RUNNING HEAD: Research Methods in Psychology
Research Methods in Psychology: Their strengths and weaknesses
Research Methods in Psychology: Their strengths and weaknesses There are two main and important research methods in psychology. They are the experimental designs which are controlled by intervention and corelational designs which observe associations. In the experimental design the researcher is in full control over all research variables whereas the corelational designs observe and records relationship between the two variables. Experimental designs are held in a controlled environment with all the variables being tightly controlled by the researcher. There is very little doubt for ambiguity and if the experiments are done properly, causal statements can be made. In this way, psychologist could safely predict repeated specific behavioural outcomes in the future. The experimental method clearly shows the reason why behaviour occurs and this is the methods main advantage. Randomly assigning subjects is crucial as it means subjects are solely by chance. If not researchers are unable in a tightly controlled environment to see the differences in behaviour between a preexisting factor and a reaction from the independent variable (Taylor, Peplau & Sears, 2006). The research is replicable giving refined results, establishing additional confidence to the hypothesis and due to its tight controls the experimental method also shows if any one of the hypothesis is worth studying in the first place. This method also allows for multi-level test. The experimental method has its drawbacks too. Some researchers claim that being held in a controlled environment is in it self artificial, intrusive and lacking validity as respondents tend to react differently than they would normally, if it was a real-life situation. Also the experimental method rigidly centers on structured data and test the hypothesis in a certain restricted fashion. It does not show the relationship between variables, only the effects each variable have on a theory. Biasness occurs if the experimenter views findings in their own way excluding or overlooking other variables concerned that could have attributed to the results of the test. Problems could occur in multi-level tests as managing increased numbers of respondents and the time consumed for the experiment could be overwhelming (Martin, 2000). The correlation observation method tests for correlation between two variables without controlling or manipulating either one of them experimentally. As it only records events relating to its variables it is flexible and more humanistic in its approach compared to the experimental method. The main advantage with the corelational method is research studies are possible where intervention is not possible and it is efficient in collecting large amounts of data for further research. However the limitation to this research is reverse-causality problem. It could occur as the study is ambiguous. A third-variable could be the actual cause responsible and not the first two variables initially tested. Ambiguity in this area makes the correlation study doubtful for studying cause-and-effect relationship. The big disadvantage for this method is that the variable measured cannot be concluded to be the cause of the behavioural outcome (Taylor, Peplau & Sears, 2006). A debate between the tobacco industry and the US Surgeon General on the consequences of smoking showed correlating evidence of smoking to lung cancer and other related illnesses but it could not pinpoint that smoking is the actual cause for lung cancer and other related illnesses as claimed by the US Surgeon General. Martin (2000) concluded that there could also be another reason for the illnesses of these ‘victims’ as he states that studies have shown that nervous people could also stimulate malignancy. Therefore the variable measured cannot be concluded to be the cause of the behavioural outcome Martin (2000)....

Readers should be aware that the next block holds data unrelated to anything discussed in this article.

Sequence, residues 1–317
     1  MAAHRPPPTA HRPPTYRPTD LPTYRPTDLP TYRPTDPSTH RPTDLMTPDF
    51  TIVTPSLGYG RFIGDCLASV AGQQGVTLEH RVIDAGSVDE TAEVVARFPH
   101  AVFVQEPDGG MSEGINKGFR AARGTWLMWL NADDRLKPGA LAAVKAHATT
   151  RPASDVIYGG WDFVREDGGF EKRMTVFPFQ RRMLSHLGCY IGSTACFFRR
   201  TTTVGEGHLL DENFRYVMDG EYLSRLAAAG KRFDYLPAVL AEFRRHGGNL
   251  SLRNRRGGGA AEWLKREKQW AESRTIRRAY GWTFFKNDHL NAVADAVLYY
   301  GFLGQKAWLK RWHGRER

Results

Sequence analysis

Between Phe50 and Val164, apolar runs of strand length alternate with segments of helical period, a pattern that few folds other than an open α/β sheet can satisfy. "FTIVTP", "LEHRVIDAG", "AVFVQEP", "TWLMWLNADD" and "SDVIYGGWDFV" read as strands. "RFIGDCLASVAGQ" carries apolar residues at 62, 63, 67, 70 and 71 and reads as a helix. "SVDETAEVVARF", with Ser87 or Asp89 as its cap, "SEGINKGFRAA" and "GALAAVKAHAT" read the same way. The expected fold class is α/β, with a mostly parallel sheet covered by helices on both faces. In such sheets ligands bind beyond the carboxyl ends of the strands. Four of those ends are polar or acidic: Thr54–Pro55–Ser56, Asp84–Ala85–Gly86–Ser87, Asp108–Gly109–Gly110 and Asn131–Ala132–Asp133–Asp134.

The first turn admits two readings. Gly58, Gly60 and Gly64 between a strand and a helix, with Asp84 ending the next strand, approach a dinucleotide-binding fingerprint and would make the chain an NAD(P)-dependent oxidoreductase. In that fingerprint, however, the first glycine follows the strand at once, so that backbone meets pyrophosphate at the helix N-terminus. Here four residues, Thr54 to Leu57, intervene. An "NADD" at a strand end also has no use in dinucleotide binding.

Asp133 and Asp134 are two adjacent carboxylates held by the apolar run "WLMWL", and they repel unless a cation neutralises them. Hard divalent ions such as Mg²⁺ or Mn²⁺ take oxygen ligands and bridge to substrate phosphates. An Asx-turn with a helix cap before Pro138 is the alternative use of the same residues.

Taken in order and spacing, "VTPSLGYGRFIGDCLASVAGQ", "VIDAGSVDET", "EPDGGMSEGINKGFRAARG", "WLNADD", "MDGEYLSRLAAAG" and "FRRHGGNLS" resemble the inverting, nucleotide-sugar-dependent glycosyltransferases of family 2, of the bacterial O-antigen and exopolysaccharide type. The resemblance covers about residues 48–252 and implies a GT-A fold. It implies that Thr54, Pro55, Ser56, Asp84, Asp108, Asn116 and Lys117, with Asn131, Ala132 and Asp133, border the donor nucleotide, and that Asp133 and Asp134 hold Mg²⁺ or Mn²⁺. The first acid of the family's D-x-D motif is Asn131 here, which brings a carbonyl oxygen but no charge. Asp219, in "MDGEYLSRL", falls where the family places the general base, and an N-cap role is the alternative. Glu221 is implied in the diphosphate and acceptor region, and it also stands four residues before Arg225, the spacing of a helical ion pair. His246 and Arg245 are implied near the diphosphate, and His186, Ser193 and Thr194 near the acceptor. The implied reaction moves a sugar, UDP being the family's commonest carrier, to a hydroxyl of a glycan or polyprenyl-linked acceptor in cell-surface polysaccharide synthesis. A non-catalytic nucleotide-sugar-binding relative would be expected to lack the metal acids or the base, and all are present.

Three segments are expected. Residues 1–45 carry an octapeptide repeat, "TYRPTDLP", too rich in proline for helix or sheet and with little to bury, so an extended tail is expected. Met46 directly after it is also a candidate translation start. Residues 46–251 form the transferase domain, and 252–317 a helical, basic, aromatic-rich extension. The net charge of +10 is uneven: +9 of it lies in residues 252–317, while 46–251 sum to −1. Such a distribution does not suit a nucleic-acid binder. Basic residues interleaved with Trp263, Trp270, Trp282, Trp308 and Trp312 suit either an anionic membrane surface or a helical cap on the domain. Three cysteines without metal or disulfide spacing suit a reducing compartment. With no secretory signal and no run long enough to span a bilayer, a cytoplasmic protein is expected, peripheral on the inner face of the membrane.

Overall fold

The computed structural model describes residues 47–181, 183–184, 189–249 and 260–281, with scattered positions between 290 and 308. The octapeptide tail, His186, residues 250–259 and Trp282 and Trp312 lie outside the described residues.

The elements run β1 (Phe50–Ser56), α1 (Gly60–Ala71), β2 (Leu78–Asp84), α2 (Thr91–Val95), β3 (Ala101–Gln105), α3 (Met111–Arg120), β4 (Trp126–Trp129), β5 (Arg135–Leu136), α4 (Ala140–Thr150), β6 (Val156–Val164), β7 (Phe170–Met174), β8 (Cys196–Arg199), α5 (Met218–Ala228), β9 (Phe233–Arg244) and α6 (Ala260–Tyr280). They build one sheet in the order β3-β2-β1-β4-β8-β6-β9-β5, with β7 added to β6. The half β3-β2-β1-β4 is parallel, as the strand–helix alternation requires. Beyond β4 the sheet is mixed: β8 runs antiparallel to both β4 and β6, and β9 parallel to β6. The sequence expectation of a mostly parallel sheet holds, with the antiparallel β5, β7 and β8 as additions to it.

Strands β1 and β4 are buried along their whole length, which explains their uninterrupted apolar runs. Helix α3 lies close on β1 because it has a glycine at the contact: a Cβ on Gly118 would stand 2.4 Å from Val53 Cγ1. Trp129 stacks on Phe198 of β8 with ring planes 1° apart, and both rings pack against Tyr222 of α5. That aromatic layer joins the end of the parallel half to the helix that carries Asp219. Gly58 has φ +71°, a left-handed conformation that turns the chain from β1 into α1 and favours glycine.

References: Banyard, P., Grayson, A. (2000). Introducing Psychological Research, Seventy Studies that Shape Psychology 2nd Edition. Palgrave.
Goodwin, J. C., (2005). Research in Psychology, Methods and Design 4th Edition. Wiley International Edition.
Martin, D. W., (2000). Doing Psychology experiments 5th Edition. Wadsworth/Thomson Learning.
Taylor, S. E., Peplau, L. A., Sears, D. O., (2006). Social Psychology 12th Edition. Prentice Hall.
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